Another of those books to rise to the surface in post-Booker-pre-Giller discussions was The Cellist of Sarajevo by Vancouver-based writer Steven Galloway. Originally published in Australia, KevinfromCanada successfully predicted this book's Giller long list inclusion and recommended it highly in the process.I think the Giller shortlist is imminent and though I haven't read the others I'd love to see this one included.
The Cellist of Sarajevo is one of those reads that zooms a lens in on the minutiae of lives lived under seige and somehow it feels shocking yet stupidly naive of me to realise that this went on only recently. Of course it did, we read about it every day in the news, but seige seems like such an ancient tool of war, Pompeian-esque tactics in fact.
Deeply affected by the sight of a mortar bomb exploding on a queue of people waiting to buy bread, the cellist decides that he will set up on the exact spot and play Albinoni's 'Adagio' for twenty-two consecutive days, one day for each life lost. At high risk of being picked off by snipers, Arrow, once the star of the university shooting team, is assigned as a counter-sniper to defend the cellist's endeavour against the threat of enemy attack, to lose the cellist would seem to sound the final death knell over the spirit of the Sarajevans and it must not be allowed to happen. Arrow is a woman and this creates an interesting dimension as Steven Galloway infuses her with a fascinating concoction of opposites, emotional vulnerability matched with a cast-iron toughness,
'She watches the sniper through the scope of her rifle and listens to the music off the street. It makes her sad.A heavy, slow kind of sad, the sort that does not bring you to tears but makes you feel like crying. It is, she thinks, the worst feeling there can be. Her finger is still on the trigger.If he moves she will fire.'
Life is then laid bare, except it's more like an existence, around the streets of this besieged city and lived as if on the edge of a knife. Repeatedly creating that sense of tension on the page without descending into sentimentality, repetition and ennui is a masterly skill, because life for the Sarajevans is reduced to the lowest of common denominators for survival. What now passes for normal life is attempting to cross the road without being shot, walking miles to collect water, and time and again this is exactly what they are doing.
A strange sort of sick feeling descended as I read on because it's hard to imagine what this fear must really be like yet Steven Galloway transmutes it from the words on the page and into the mind as if by thought transference. The paralysis of the terror is palpable and I was truly nervous and slightly twitchy each time I picked up The Cellist of Sarajevo and reading in fear for the lives of these ordinary people, to say nothing of the sitting target cellist quietly keeping the spirit of the city alive.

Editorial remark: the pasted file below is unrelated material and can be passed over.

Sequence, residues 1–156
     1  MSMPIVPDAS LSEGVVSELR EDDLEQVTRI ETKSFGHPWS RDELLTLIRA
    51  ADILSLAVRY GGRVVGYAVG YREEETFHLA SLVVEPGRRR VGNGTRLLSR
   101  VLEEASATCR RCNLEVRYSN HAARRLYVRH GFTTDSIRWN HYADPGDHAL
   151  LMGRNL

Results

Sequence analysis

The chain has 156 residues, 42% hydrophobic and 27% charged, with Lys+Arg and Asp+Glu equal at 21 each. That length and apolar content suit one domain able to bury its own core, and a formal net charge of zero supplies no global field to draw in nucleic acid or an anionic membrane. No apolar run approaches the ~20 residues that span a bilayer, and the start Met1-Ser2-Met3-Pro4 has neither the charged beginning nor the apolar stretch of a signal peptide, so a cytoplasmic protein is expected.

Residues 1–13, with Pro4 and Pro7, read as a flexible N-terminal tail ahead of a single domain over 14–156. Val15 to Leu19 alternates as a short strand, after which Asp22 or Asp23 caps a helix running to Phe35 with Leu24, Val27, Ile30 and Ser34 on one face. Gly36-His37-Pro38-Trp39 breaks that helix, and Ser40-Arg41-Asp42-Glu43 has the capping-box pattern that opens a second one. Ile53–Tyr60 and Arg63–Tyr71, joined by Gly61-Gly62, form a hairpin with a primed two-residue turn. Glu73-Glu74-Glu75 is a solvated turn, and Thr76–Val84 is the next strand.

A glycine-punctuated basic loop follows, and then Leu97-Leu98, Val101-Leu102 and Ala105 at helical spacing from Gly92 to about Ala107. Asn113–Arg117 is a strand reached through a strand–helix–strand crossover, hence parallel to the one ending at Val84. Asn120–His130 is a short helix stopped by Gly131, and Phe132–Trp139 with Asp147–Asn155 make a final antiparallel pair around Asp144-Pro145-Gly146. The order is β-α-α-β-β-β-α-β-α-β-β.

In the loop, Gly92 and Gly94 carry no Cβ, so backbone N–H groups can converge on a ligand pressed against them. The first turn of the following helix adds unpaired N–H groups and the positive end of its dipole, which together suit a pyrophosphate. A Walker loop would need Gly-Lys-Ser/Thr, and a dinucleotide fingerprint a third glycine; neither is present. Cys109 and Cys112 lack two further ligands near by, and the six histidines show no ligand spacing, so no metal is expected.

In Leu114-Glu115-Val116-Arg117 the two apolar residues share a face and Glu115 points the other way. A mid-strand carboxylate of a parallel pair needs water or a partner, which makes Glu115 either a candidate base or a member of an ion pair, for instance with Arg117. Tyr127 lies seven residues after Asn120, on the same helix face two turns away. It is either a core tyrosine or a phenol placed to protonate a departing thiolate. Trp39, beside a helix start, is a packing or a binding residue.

It is the tiniest details of life that matter when you are facing a form of living death by starvation but what survives also radiates from these same pages; humanity, a compassion of sorts, courage, seemingly small acts of unconditional kindness and alongside it all a fascinating moral maze of issues.One of those issues that of whether people are built for war or not and Steven Galloway offers beautiful characterisations of both extremes and much inbetween. There is finely tuned development and the slow emergence of a belief that life does have the power to be 'normal' again despite what has been lost, as with Dragan whose wife and son have fled the city leaving him to carry on as best he can with his bakery job,
'He's stopped talking to his friends, visits no one, avoids those who come to visit him. At work he says as little as possible...the destruction of the living is too much for him. If people are going to be taken away from him, either through death or a transformation of their personality that makes them into strangers, then he's better off without them.'
but as events unfold and the book draws to its conclusion with it comes an understanding for Dragan,
'He's been asleep since the war began.He knows this now. In defending himself from death he lost his grip on life.'
and all to the backdrop of the cellist playing that beautifully simple soul-saving music in this ravaged city. Prepare to shed a tear or two at the end and I won't reveal whether that's a sad or a happy sob, but an exquisite little book about the absolute futility and hopelessness of war and a lot more besides, with plenty more to discover on a second read I'm sure.
Then suddenly I remember a book from years ago which I have to read this minute, it's here somewhere and I've turned the house upsidedown looking, please can anyone tell me where I've put Zlata's Diary?